Károly Hopp-Halász: Modulated Bodies

19.04.2018-15.06.2018.

acb Gallery is proud to present the second solo exhibition of Károly Hopp-Halász. The current selection features photo-based works by the artist from the 1970s-80s, some of which have been hidden from the profession and the broad public until now. Partly owing to this, the contextualisation and localisation of these works within the artist’s oeuvre has hitherto been incomplete. The works in the exhibition’s focus have been recovered from the legacy of the deceased artist who passed away two years ago, therefore this show is based on this corpus of artworks currently under research and cataloguing.

As a member of the Pécs Workshop artist group, organised from the students of Ferenc Lantos and active from 1968 until 1980, Károly Hopp-Halász conducted experiments based on the formal language of geometry throughout the seventies, implementing them in predominantly traditional media (painting, graphic art) and enamel. From the early seventies, members of the Pécs Workshop began showing interest in the current new media of the age: further developing their predilection for geometry, they carried out land art and photo actions and later photo- and video performances, both individually and collectively. Károly Hopp-Halász’s interest in media art was singular from the very beginning, as regards the Pécs Workshop as well as the period’s Hungarian art as a whole: experimentation with performative practices, the potentials of photography and other technical media were in the focus of his art praxis from the early seventies, and he continuously brought his painting and graphic art into interaction with opportunities offered by the new media.

The exhibition at acb NA presents photo-based works from the 1970s-80s, which illustrate the mediatic interdisciplinarity of the Hopp-Halász oeuvre as well as the artist’s relation to the representation of the male body. Our explicit intention with this selection is to encourage the reconsideration of discourses that treat and hush up the artist’s homosexuality as a taboo to this day. Even after the 1961 abolition of the treatment of homosexuality as a criminal offence, revealing one’s “different” gender identity could entail retribution by the authorities, and therefore publicly proclaiming one’s homosexuality had not been possible until after the regime change of 1989. At the same time, Hungarian academic art historical discourses still present only sporadic exceptions to the conservatism of approaches to identity determined by a heteronormative attitude and a male-dominated social model – such exceptions include the recent research on Tamás Király’s work or the attempts of reinterpreting the oeuvre of El Kazovsky. An explicit approach to the homosexuality of Károly Hopp-Halász is the unavoidable criterion of interpreting his work. From the very beginning his homoerotic inclination was expressly present in his oeuvre, linked to explorations of his own identity (being Eastern European and rural). The depiction of male bodies was manifested, on the one hand, in the analysis of his own body, the documentation of this in photo performances, and his search for possibilities of artistic self-representation (for instance, in the works Private Broadcast and Pseudo Video); on the other hand, it was manifested in photo actions carried out in collaboration with male models, as well as arranged compositions, as content reflecting on his identity (such are the collages from the photo series Pause in Paks, displayed at the current exhibition, or Permitted, Prohibited, Promoted, already provocative in its title, a reference to the infamous cultural policy of the socialist Kádár-era). A photo series from the seventies, on display for the first time at this exhibition, documents the daily life of a football coach in detail, from the men’s locker room to the field, in the form of a spontaneous photo action. For all their intimacy, the photos reflect the freedom of observing the male body, while demonstrating how the visual interests of Hopp-Halász comprise the analysis of the formal relationship between geometry and the human body.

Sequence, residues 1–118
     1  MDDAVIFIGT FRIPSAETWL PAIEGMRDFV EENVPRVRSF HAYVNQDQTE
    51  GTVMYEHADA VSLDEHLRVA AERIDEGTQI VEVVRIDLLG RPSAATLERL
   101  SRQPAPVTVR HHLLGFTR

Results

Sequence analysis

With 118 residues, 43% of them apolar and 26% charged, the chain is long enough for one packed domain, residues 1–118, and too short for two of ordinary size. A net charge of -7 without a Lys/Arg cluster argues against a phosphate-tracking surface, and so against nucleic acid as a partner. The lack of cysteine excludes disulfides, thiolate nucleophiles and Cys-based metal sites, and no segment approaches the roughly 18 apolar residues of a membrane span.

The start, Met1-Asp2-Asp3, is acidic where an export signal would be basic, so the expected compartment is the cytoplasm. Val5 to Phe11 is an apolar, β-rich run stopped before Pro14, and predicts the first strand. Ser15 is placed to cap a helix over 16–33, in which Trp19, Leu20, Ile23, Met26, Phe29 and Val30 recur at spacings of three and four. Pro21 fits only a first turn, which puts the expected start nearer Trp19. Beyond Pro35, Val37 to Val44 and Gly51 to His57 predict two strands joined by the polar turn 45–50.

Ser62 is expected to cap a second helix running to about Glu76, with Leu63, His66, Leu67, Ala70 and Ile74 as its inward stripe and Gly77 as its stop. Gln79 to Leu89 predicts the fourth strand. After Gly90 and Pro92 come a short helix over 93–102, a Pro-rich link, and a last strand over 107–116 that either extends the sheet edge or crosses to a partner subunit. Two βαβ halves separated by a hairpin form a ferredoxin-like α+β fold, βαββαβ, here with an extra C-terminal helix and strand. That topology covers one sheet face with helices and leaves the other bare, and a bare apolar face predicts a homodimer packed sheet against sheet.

Simultaneously with the exhibition at acb NA, the exhibition space of acb Gallery presents the solo exhibition of Ferenc Ficzek, which helps to contextualise the oeuvre of Károly Hopp-Halász with respect to the Pécs Workshop.